Warmshowers.org, which pairs cyclists with host families. Typically a cyclist calls me when they get into town and I give them directions to our house. This time, I was near downtown, about to pick my son up from Spanish class when John called. I asked him where he was at. "The corner of 6th and High street" he replied in his Australian/British accent.
The funny thing was, I was also at the corner of 6th and High. I looked around.
"Are you wearing a neon green vest?" I asked, pretty sure that the guy with the heavily-laden bike trailer might just be my guest. I waved.
John waved back and I walked over to meet him. Not only did I instantly like him, but as we heaved his 50-pound trailer into the back of my mini-van, my dogs Sophie and Callie, normally quite wary of strangers (especially ones with helmets and neon green vests) took to him immediately as well. Callie climbed right up into his lap as he got in the van, and Sophie set aside her usual period of wary growling and barking to cozy right up to him. This latter I chalk up to the fact that as an Australian Shepherd/Australian Cattle Dog mix, she was very partial to his accent.
Trans-America Bicycle Trail (established in our bicentennial year of 1976), we get a fair number of folks in the summer who are doing the Cross-America route. They are all interesting, adventurous, and fun people as you might guess. But some of them are just really special and you hate to see them go. John Smallwood was definitely one of those.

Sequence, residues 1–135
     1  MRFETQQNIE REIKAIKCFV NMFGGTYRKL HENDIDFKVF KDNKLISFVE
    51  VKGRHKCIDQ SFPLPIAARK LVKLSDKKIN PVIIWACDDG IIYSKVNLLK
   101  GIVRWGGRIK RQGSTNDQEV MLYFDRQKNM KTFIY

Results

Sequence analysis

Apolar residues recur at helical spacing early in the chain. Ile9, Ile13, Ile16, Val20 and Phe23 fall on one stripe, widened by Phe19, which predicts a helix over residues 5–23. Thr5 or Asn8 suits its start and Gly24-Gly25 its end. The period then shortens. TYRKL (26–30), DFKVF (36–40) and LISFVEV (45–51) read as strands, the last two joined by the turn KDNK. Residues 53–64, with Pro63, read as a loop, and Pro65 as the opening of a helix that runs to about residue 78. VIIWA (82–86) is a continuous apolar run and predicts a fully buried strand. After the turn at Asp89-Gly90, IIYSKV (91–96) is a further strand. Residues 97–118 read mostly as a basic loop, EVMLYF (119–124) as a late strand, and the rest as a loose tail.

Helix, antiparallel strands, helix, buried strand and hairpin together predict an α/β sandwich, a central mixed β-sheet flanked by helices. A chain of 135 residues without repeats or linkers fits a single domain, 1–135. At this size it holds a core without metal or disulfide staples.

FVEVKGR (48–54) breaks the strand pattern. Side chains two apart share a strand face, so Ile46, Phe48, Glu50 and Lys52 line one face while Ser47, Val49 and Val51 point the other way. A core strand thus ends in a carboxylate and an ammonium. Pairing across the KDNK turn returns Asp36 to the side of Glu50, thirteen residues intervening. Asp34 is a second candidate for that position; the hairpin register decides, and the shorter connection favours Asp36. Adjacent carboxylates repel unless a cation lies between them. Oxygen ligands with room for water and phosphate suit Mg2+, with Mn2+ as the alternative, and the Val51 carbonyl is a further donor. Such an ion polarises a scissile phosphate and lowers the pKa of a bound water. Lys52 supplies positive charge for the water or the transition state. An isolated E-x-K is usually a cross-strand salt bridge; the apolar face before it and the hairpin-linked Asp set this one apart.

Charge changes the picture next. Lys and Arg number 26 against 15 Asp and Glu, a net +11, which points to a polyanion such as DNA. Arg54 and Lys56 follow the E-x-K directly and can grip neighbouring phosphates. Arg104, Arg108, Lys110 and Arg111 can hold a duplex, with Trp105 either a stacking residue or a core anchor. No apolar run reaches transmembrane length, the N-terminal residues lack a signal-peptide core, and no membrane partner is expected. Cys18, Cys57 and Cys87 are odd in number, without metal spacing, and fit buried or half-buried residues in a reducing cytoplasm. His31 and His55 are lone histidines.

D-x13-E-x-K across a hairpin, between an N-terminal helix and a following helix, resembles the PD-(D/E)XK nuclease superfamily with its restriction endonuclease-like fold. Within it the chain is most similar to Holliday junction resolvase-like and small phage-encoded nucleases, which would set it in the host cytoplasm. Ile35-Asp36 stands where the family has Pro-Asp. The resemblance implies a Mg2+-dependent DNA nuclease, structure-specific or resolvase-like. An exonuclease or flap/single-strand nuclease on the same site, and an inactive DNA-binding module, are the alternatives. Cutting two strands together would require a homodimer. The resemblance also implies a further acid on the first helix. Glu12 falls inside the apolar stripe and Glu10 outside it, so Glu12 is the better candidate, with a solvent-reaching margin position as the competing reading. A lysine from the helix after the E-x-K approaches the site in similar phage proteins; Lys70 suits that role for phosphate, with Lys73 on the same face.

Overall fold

As he says on his website, BicycleAcrossAmerica.org, he is "determined to make a difference" by raising money for Maison Chance, an organization that provides housing, health care, educational and vocational training for orphans, street children, disadvantaged and physically handicapped people in Vietnam. And he's doing this by riding across the country, solo. He became involved with Maison Chance while cycling in Vietnam, and I enjoyed hearing his stories about the people he'd bet there whose lives had been greatly changed by this organization. You can read more about the work they do here in his description and there is a link to donate on his main website. You can also send PayPal using their email address, email@example.com .
Although our household was deep in its usual craziness (I was juggling kids, dogs, chickens, laundry, and heading out to teach my Karate Conditioning class while John was here), he just rolled with the punches as our guest. The next morning, I took the opportunity to ride out of town with him and see him launched on his continuing journey across the country. You don't know how hard it was to turn back!! Some day, I would love to just keep going, pedaling across this large and beautiful land of ours.
More than anything, John inspired me in so many ways. For one thing, if I had to guess his age, I'd probably put him somewhere around 50. So I was quite surprised when he said 66! If we could all look so fit in our mid-sixties!! That's testimony to a cycling lifestyle for sure. And he said he'd only taken up cycling a few years back, which is pretty amazing really. When you add in his dedication to using his bicycle journey to help others, you can see why I thought you all would like to be as inspired as I was in hearing his story.
There's really no excuse not to get out there and live our lives to the fullest. As I watched John roll away down the road toward the East Coast, Thoreau's quote came to my mind:
Go confidently in the direction of your dreams. Live the life you've imagined.
Somewhere out there on the open road, John Smallwood is doing just that.